Aftermath of the bombing in of a funeral procession in Dera Ismail Khan, Nov. 21, 2008.
Taliban and al Qaeda-linked extremists attacked a funeral procession in Pakistan’s lawless Northwest Frontier Province.
At least ten mourners were killed and dozens were wounded after a roadside bomb detonated as the procession travelled on a road in Dera Ismail Khan, a settled district in the province. The funeral was being held for a Shia cleric named Iqbal Shah, who was “gunned down by unknown assailants on Thursday night,” the Associated Press of Pakistan reported.
The attack generated a backlash against police and local authorities. “The explosion triggered panic among people as some angry protestors moved to streets, roads and resorted to aerial firing,” the Associated Press of Pakistan reported. “They pelted stones on police outside the hospital and burnt tyres.” Police had to use teargas to break up the rioting as shops and markets closed.
Extremists in the Northwest Frontier Province carried out a similar attack this year. A suicide bomber struck at a policeman’s funeral in the settled district of Swat on Feb. 29. More than 40 Pakistanis were killed and scores more were wounded, many of them critically. The police officer and two others were killed in a suicide attack in Lakki Marwat the day prior.
Dera Ismail Khan has been the scene of several attacks on minority Shia this year. A suicide bomber wounded three Pakistanis after detonating at a Shia gathering on July 13. Four Pakistanis were killed and three wounded in a bombing at a Shia mosque on June 16. In neighboring Peshawar, a suicide bomber killed 10 and wounded 25 in an attack on a Shia mosque.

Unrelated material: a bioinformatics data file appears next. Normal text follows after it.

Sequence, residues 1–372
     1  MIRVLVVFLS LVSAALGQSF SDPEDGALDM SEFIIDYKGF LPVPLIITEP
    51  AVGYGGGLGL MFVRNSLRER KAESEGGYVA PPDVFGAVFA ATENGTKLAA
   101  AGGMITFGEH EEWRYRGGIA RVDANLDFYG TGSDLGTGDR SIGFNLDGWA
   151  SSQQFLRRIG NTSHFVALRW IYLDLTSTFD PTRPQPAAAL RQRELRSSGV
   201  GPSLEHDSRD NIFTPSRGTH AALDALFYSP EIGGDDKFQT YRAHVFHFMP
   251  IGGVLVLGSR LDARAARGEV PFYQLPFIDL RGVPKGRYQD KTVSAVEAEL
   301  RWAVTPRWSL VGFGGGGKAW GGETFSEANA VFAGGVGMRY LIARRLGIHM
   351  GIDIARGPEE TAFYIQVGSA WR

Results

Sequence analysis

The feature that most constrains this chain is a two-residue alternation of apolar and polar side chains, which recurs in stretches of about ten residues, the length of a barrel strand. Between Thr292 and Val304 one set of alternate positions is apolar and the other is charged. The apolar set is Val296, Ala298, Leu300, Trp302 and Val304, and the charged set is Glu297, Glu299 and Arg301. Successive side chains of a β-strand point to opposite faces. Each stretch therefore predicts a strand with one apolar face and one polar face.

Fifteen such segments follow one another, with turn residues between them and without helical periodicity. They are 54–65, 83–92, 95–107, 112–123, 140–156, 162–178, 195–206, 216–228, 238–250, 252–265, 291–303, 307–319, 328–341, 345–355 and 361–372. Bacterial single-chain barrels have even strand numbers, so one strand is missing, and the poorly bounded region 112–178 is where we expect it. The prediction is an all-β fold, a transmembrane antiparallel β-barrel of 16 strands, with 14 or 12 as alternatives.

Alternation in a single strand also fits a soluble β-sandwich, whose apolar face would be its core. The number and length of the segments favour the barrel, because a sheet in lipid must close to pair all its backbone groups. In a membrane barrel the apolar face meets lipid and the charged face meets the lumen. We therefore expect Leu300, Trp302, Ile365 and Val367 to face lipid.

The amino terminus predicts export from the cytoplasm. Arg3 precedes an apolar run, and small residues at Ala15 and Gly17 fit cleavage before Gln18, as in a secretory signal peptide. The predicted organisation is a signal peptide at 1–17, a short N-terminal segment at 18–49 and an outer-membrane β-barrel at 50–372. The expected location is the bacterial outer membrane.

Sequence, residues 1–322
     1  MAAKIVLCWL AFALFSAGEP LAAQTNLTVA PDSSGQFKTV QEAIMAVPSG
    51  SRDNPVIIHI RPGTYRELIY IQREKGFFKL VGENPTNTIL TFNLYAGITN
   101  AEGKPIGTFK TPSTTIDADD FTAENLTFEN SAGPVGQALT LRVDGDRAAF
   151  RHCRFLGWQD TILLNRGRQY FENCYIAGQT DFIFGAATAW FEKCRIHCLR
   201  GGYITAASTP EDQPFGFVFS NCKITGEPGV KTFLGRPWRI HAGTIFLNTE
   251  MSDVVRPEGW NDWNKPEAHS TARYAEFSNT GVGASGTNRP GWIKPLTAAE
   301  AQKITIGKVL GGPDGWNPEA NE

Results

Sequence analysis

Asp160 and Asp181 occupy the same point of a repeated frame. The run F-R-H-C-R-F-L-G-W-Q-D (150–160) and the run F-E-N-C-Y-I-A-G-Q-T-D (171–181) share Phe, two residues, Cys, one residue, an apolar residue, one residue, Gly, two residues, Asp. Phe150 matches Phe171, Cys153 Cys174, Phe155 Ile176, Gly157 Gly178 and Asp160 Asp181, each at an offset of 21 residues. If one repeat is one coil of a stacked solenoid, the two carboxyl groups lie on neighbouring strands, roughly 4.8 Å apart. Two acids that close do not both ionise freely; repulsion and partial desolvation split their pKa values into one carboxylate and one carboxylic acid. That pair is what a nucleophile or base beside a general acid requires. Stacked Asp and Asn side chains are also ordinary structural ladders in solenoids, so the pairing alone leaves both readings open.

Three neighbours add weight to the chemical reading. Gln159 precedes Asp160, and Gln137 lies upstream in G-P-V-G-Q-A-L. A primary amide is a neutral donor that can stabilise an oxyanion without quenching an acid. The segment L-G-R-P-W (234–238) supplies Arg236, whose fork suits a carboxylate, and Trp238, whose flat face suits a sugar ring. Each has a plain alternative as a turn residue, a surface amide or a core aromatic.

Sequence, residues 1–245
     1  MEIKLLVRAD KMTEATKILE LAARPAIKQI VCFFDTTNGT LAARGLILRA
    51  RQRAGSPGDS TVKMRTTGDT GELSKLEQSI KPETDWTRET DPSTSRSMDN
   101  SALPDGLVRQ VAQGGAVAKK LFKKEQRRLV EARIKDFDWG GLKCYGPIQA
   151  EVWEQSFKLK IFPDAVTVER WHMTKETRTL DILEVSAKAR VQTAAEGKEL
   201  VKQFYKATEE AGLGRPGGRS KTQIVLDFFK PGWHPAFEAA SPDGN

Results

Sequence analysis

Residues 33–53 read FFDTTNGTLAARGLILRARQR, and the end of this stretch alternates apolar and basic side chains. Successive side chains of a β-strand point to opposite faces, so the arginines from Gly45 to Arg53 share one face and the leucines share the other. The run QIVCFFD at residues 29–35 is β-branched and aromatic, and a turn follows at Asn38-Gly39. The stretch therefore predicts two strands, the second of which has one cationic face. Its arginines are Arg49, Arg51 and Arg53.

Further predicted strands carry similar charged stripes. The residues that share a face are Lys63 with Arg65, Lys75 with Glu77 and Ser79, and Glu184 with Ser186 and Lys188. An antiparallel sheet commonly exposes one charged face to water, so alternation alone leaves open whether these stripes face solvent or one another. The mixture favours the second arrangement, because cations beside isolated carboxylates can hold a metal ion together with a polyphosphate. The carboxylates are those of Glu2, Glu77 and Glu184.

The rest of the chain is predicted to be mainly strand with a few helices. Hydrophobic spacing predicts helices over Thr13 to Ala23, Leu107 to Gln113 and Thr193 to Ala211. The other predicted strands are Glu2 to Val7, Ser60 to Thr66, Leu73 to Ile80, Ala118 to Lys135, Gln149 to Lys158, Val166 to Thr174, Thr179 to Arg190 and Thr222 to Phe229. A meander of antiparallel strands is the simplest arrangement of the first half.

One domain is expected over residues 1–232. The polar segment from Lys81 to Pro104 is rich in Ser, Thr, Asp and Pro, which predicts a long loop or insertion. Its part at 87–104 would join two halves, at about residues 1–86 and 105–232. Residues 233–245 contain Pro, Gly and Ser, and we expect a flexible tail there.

The attacks are carried out by anti-Shia terror groups such as the Lashkar-e-Jhangvi and Sipah-e-Sahaba. These groups have merged with al Qaeda in Pakistan, and are harbored by the Taliban in the tribal areas.
The Lashkar-e-Jhangvi (LeJ or Army of Jhangvi) was formed in 1996 after splitting with the Sipah-e-Sahaba, a radical Sunni group behind sectarian attacks against Shia throughout Pakistan. The Lashkar-e-Jhangvi expanded its activity to include terror attacks against the Pakistani state. After Sept. 11, 2001, LeJ was one of two Pakistani terror groups banned by the Musharraf regime.
The size of the LeJ is unknown, but it is believed to have hundreds of members dispersed in small cells throughout Pakistan. The group maintains camps in South Waziristan, under the protection of Baitullah Mehsud.
Pakistani police began to openly admit the LeJ began forging close ties with al Qaeda and the Taliban after a string of attacks during the winter and spring of 2006. The most high-profile attack was the March 3 bombing outside the US Consulate in Karachi. A US diplomat was killed in the suicide car bombing.
LeJ foot soldiers carried out the attack, while the bomb was assembled in territory controlled by Abdullah Mehsud, a Taliban leader near Wana in South Waziristan who was killed by Pakistani forces in Zhob in 2007.
“Police have come to the conclusion that terrorist groups with different priorities have ganged up,” Daily Times wrote in 2006. “They are specifically worried about the Lashkar-e-Jhangvi, Al Qaeda and the Abdullah Mehsud-led group of Afghanistan.”
Baitullah Mehsud, Abdullah’s cousin and the leader of the Movement of the Taliban in Pakistan, is known to have absorbed elements of the LeJ in Karachi and placed them under the command of a leader named Raheemullah.
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